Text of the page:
Nature 55, 545-546 (08 April 1897) | doi:10.1038/055545a0

The Theory of Osmotic Pressure


AS osmotic theory is now attracting general attention in this country, it seems desirable that all the positions that are maintained in regard to it should be clearly set forth. The excuse for offering the following remarks is that for some time I have paid attention to the subject in its relations to general molecular theory, both in the thermal and the electrical aspects. I fail to recognise how the validity of the thermodynamic basis of the law of osmotic pressure can be shaken; and though the idea of ionic dissociation in solutions is an additional hypothesis which must be judged separately by the extent of its agreement with the facts, it appears to me that in some form—possibly not at all in the chemical imagery with which it is at present often associated—it holds the field. It is difficult, in fact, to see how the hypothesis that the same chemical element can have different valencies in different series of compounds, which is now usually accepted, is fundamentally any whit less parodoxical than the hypothesis of ionic dissociation; anything that throws light on the one must also illuminate the other.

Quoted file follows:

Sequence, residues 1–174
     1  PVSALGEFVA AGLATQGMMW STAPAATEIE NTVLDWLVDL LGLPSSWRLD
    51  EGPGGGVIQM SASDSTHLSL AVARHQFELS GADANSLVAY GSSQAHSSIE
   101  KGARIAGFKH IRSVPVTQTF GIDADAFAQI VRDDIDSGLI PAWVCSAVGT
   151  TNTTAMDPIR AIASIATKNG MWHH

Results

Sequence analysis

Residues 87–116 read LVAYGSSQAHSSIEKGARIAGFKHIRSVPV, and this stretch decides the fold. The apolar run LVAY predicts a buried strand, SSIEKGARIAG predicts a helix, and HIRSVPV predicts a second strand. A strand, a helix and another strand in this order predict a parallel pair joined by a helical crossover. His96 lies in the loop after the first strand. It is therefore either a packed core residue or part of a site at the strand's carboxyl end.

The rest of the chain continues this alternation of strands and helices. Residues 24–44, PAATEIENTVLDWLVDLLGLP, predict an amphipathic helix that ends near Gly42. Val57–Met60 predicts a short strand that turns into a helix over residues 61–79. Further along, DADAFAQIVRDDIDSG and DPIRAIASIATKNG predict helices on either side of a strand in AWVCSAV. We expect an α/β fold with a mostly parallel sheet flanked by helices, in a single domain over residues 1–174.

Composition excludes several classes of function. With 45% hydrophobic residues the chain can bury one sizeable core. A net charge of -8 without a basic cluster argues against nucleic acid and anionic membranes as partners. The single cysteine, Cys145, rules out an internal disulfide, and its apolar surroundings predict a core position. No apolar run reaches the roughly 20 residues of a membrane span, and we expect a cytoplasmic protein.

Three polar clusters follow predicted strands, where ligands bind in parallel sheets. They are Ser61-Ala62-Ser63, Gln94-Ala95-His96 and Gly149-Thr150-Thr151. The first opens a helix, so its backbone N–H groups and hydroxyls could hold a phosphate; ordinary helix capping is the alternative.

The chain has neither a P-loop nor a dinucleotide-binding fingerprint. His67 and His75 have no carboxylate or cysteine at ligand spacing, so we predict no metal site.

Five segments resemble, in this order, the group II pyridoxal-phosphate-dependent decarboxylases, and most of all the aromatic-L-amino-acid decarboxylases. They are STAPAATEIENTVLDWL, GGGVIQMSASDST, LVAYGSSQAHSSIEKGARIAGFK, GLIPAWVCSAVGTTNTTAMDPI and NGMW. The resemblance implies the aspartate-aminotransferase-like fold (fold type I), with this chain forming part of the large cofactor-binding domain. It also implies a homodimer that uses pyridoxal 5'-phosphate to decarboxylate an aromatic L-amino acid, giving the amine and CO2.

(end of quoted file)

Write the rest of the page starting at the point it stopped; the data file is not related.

1. Proc. R.S. Edin., January; NATURE, January 21, p. 272.
  2. H.von Helmholtz, "Zur Thermodynamik Chemischer Vorgänge, iii." in Collected Papers, vol. iii. pp. 105–114, especially his equation (4) and the theory of diffusion at the end. [The theory had already been given explicitly in 1876 by Willard Gibbs, loc. cit. infra, p. 227.]
  3. Trans. Connecticut Academy, November 1875, p. 138: " Effect of a Diaphragm Equilibrium of Osmotic Forces)."